On a day-to-day basis, Alexis works alongside our Design team and draws on the inspiration of catwalks to develop a range of tops that will be loved by our customers and hit our margin targets. She also works closely with Sourcing Offices to find the right fabrics and negotiate the best price; Merchandising to build the range and back the right styles; and Press & Marketing to promote our hero pieces.

Alexis gets a real buzz developing and trading the number one line in Womenswear. “I love the process of bringing a drawing to life – working from the initial sketch and collaborating with suppliers to develop wearable and commercial products. I can’t tell you how exciting it is when you see your product selling well in the store, being worn by women in the street and getting great feedback.”

Alexis loves sourcing new products and chasing best sellers through trading, but Buying is not without its challenges. The pace is incredibly fast and deadlines are non-negotiable when it comes to making sure that we get the next big thing before a competitor. As Alexis knows only too well.

“We’d missed an embroidery trend that the Design team felt strongly about. We needed to get the product from India, and develop and book a range within two weeks – the process typically takes nine weeks. So we sent a brief to the Sourcing Office with catwalk tears and fabric swatches and within two days I was flying to India to go round suppliers and pick their latest developments. I built the collection, negotiated the cost prices and brought back 20 pieces in a suitcase, which were signed off by a Director that same week!”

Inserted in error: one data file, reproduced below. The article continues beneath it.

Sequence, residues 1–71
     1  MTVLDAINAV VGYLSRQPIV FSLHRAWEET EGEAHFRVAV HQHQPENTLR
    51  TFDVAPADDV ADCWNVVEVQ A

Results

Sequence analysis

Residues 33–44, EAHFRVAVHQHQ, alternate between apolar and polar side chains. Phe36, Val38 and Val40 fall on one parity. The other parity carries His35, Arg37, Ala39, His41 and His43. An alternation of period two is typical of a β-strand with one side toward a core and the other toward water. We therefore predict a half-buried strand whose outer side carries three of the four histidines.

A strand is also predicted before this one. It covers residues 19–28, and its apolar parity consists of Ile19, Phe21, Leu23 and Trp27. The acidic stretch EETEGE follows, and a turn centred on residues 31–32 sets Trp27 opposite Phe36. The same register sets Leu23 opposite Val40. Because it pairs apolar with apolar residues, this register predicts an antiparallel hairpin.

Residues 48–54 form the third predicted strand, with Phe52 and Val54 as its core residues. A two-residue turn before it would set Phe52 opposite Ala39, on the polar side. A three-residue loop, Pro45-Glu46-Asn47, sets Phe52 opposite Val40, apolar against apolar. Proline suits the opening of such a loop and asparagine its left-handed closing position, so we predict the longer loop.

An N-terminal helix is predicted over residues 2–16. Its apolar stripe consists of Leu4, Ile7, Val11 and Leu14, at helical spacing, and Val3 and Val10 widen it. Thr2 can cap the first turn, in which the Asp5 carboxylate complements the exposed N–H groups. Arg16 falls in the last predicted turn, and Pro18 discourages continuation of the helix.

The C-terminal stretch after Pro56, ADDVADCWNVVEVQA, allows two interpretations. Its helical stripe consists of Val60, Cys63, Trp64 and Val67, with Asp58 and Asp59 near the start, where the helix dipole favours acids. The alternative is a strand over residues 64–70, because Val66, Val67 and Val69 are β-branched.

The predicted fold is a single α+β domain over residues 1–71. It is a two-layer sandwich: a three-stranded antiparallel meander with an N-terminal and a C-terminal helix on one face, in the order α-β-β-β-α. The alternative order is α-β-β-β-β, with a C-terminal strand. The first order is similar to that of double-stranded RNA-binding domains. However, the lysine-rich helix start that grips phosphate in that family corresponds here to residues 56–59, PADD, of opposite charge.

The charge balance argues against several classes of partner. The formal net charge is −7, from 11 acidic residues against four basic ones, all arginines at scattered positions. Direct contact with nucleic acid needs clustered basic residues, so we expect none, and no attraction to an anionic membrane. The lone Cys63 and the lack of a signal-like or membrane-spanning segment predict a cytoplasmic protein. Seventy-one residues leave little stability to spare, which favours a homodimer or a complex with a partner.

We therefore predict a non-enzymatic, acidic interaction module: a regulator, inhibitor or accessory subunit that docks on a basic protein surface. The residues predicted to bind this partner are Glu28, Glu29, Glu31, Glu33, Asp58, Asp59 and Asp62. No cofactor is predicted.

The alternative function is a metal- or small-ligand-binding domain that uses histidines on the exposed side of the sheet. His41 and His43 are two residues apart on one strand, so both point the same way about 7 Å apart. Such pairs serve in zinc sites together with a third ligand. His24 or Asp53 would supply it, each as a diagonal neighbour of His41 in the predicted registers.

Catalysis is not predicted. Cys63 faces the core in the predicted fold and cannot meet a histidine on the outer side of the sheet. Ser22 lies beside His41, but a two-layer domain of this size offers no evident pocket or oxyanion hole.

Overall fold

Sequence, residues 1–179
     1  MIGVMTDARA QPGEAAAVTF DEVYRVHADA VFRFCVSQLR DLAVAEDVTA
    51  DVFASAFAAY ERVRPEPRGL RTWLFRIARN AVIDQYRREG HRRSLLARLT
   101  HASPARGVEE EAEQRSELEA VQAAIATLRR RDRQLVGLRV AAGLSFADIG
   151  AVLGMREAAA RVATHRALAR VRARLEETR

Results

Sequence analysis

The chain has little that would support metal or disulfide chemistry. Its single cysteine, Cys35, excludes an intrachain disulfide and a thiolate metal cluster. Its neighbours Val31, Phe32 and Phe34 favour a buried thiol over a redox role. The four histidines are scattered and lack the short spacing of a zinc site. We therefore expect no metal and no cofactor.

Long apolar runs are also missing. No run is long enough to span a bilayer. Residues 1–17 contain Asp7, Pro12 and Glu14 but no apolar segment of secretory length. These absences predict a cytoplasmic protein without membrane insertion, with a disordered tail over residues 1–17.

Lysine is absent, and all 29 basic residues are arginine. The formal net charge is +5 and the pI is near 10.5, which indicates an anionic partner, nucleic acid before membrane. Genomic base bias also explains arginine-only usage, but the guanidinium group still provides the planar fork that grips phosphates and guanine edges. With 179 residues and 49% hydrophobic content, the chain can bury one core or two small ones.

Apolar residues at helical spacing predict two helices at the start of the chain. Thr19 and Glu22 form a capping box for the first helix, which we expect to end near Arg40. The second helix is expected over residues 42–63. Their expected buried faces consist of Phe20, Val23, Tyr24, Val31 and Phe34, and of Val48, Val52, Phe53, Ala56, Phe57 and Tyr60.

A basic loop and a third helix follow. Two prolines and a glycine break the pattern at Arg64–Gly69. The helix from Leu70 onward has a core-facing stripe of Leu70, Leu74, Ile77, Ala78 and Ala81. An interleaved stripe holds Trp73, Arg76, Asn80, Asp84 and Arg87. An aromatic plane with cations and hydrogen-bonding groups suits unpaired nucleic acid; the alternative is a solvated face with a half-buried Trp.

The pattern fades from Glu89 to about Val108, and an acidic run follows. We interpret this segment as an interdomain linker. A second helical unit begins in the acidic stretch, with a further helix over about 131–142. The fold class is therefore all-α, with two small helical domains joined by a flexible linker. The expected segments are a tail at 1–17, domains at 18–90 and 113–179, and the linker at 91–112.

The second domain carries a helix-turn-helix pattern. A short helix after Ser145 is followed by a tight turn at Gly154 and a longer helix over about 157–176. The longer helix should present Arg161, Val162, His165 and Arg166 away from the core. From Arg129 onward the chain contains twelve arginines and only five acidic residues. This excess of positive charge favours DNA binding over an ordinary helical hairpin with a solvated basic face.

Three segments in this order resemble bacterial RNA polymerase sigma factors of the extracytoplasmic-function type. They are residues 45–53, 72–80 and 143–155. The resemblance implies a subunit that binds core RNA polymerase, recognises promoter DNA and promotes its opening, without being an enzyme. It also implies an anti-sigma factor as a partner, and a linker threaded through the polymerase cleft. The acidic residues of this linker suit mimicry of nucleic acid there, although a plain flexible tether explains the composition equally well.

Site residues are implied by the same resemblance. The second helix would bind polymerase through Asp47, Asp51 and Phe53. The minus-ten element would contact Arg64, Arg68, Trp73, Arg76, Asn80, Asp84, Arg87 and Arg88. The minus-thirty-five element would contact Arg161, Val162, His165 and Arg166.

Alexis’s development has been constantly supported by senior figures and mentors in Buying, but you have to be prepared to drive your own success. “It’s a dynamic environment. So, as well as having creativity and a commercial mindset, you need to be open to change. You have to be someone who is keen to step up to the plate and take on new responsibilities and projects. It’s also important that you can work well with your team and collaborate with people in different parts of the business.”

If that sounds like you, explore a career in Buying with M&S.

Inside M&S

Our latest Jobs In Buying

View jobs on jobs.marksandspencer.com
10 May, 2017


Merchandisers at M&S make sure that stock flows through the business and is available where it is most likely to sell. Naturally that keeps our customers happy, but Merchandising is also an analytical, detail-intensive role that helps us achieve our profit targets and stay ahead of our competitors.

As a Merchandiser, Faye’s main responsibility is to develop and implement commercially profitable product strategies. “We’re involved at every stage of the buying cycle,” she explains, “from lessons learned to building and budgeting the range, placing orders and ensuring the product arrives in the store at the right time and in the right quantities. My role also involves analysing and acting on sales performance. Should we increase stock levels? Why isn’t a product selling as well as expected?”